“When you’re thinking about blackness, or black women or other underrepresented groups, you’ve got to think about how ideas come into public in different ways — alternative, creative, and really empowering and powerful modes of … galvanizing people,” said Assistant Professor of History Emily Owens Thursday afternoon.
In her introductory speech, Owens spotlighted the strategies that Ashley Farmer, assistant professor of history at University of Texas-Austin, used to analyze the role black women played in the Black Panther party.
During a Thursday talk hosted by the Center for the Study of Race and Ethnicity in America, titled “The Black Women Intellectuals and Activists Who Revolutionized Black Power,” Farmer spoke about the influence of black women in political movements, a role often overlooked by historians. “Black women used … literature and artwork to push the (Black Panther) party to formulate and endorse gender inclusive ideology and organizational culture. And their success at reshaping the party’s gender dynamic shows that the Panther’s record on gender roles was more progressive and complex than we previously acknowledged,” Farmer said.
Throughout the talk, Farmer demonstrated how black women used intellectual products to challenge gender roles and cast a broader conception of being a revolutionary. In doing so, these women expanded their roles in American society, she added.
For instance, through her analysis of Linda Greene’s lyric essay “The Black Revolutionary Woman,” Farmer contended that the traditionally masculine and militant image of the Black Panther party isn’t the “only axis by which we have to measure black women’s ability to be panthers and revolutionaries. … I see Greene, here, as offering a holistic vision of the female revolutionary persona instead of fitting black women into masculine constructs and challenging the idea of the revolutionary itself — that the revolutionary had to be a man.”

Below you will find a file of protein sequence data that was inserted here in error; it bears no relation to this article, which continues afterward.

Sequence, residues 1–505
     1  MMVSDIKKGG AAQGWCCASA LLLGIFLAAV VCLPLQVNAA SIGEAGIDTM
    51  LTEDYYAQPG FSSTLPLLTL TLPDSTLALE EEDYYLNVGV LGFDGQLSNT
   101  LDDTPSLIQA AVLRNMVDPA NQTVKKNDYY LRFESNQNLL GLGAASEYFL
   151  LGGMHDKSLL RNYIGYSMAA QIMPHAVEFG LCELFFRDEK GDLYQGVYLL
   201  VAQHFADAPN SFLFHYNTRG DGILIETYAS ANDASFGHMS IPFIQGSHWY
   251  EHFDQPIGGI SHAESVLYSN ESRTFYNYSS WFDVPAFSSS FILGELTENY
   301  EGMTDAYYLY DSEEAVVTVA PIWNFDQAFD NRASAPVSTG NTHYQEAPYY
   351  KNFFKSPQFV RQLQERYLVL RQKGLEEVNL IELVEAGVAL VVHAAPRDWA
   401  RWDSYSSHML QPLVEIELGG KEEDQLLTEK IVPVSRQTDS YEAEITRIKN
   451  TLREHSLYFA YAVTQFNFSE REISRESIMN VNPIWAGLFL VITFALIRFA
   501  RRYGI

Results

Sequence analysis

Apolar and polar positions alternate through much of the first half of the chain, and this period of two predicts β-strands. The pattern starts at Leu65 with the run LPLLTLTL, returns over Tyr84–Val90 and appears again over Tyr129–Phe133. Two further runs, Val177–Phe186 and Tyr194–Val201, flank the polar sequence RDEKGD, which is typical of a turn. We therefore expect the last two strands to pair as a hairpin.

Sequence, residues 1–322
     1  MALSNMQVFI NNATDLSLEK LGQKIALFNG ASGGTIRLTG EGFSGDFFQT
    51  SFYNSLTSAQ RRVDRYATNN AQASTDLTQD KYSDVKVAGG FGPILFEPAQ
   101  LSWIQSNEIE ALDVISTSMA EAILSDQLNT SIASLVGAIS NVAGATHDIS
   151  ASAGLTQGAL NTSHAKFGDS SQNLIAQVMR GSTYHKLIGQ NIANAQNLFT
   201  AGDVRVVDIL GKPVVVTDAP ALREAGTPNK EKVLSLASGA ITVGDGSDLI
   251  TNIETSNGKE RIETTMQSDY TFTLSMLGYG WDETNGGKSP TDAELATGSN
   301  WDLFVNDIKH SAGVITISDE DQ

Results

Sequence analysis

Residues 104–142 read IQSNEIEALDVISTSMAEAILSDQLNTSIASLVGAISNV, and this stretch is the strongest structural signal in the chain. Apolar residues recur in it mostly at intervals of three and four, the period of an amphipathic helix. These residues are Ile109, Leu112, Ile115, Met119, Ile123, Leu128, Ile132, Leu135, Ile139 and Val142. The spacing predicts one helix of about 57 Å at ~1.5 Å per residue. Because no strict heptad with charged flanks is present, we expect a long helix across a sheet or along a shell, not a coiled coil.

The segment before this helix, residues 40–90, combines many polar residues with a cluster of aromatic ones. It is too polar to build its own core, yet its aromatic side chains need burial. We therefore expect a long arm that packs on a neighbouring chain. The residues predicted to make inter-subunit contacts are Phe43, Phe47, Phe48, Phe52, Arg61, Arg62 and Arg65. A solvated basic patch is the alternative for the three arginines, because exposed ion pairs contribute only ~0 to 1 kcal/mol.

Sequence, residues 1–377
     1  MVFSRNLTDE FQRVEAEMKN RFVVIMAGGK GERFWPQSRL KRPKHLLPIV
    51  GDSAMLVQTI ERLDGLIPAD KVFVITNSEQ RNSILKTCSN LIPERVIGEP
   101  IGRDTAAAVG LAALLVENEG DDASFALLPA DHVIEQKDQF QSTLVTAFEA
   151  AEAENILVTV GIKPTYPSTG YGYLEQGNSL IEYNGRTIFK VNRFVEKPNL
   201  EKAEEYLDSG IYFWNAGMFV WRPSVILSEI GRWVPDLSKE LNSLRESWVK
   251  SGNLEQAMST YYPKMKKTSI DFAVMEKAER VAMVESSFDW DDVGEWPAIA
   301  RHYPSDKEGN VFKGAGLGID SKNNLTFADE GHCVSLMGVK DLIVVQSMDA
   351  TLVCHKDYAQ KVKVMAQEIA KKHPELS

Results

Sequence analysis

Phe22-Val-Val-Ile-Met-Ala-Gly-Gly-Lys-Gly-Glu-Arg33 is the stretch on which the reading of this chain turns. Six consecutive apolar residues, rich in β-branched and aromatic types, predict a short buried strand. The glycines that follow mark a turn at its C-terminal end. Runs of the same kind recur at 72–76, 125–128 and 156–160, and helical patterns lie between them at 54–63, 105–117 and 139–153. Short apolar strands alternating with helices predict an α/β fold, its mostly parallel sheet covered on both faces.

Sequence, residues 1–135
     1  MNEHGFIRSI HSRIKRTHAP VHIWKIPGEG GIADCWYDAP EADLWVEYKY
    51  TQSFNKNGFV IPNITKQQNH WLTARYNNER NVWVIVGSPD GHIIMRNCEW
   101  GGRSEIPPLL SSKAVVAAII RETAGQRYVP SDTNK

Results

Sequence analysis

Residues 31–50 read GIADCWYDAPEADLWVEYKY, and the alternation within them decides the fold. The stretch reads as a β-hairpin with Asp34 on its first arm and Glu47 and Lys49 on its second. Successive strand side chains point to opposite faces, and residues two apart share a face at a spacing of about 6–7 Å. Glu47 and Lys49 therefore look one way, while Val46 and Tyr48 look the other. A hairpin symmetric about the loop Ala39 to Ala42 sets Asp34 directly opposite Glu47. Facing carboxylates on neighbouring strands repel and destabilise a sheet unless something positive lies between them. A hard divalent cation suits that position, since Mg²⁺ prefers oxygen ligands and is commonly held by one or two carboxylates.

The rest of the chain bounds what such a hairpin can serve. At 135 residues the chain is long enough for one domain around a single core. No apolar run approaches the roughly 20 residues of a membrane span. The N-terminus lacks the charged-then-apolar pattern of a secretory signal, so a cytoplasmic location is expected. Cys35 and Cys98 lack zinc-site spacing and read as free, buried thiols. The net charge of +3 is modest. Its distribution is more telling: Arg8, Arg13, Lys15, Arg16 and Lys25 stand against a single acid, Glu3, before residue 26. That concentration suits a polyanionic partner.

Farmer’s talk also included analysis of several different works produced by activists such as Gayle Dickson and Tarika Lewis. The works, which were primarily published in the Black Panther — the party’s namesake newspaper — ranged from drawings and mixed media pieces to poems and literature.
To conduct the research underlying her broader theory, Farmer interviewed various women involved with the Black Panther party, and examined the artwork and poetry that they and their contemporaries have produced.
We get a different story when “we not only center black women, but also focus on their writing and their intellectual production. Indeed the very same periodicals, as you see here with the Black Panther newspaper — that scholars often used to frame black power as male dominated or sexist — are actually brimming with information about black women’s thoughts, actions and philosophical leanings,” Farmer said.
Reflecting on Farmer’s novel techniques, Owen said Farmer showcased “what good history is. That’s how we find stuff. (These women) pointed her in directions other historians have just missed.”
“She’s really shown us that women were there, and that they were transformative within the Black Panther party,” she added.
Magalis Santana, a Cranston resident and recent Rhode Island College graduate, attended the talk because she wrote a thesis on the “intersectionality of feminism, and (the event) piqued my interest.”
Santana liked how Farmer’s analysis of art broke the “cookie cutter” sensibility of history study by not relying on traditional sources of information such as books and other texts.
“I really hope this event will solidify the importance of Black women through the Civil Rights movement and other activist events as black women are often left out of the picture,” said Kimberly Collins ’22, who also attended the event. “Helping put the frame and the work of black women into a greater, larger context will help not only inspire me but make clear the role women have throughout these movements.”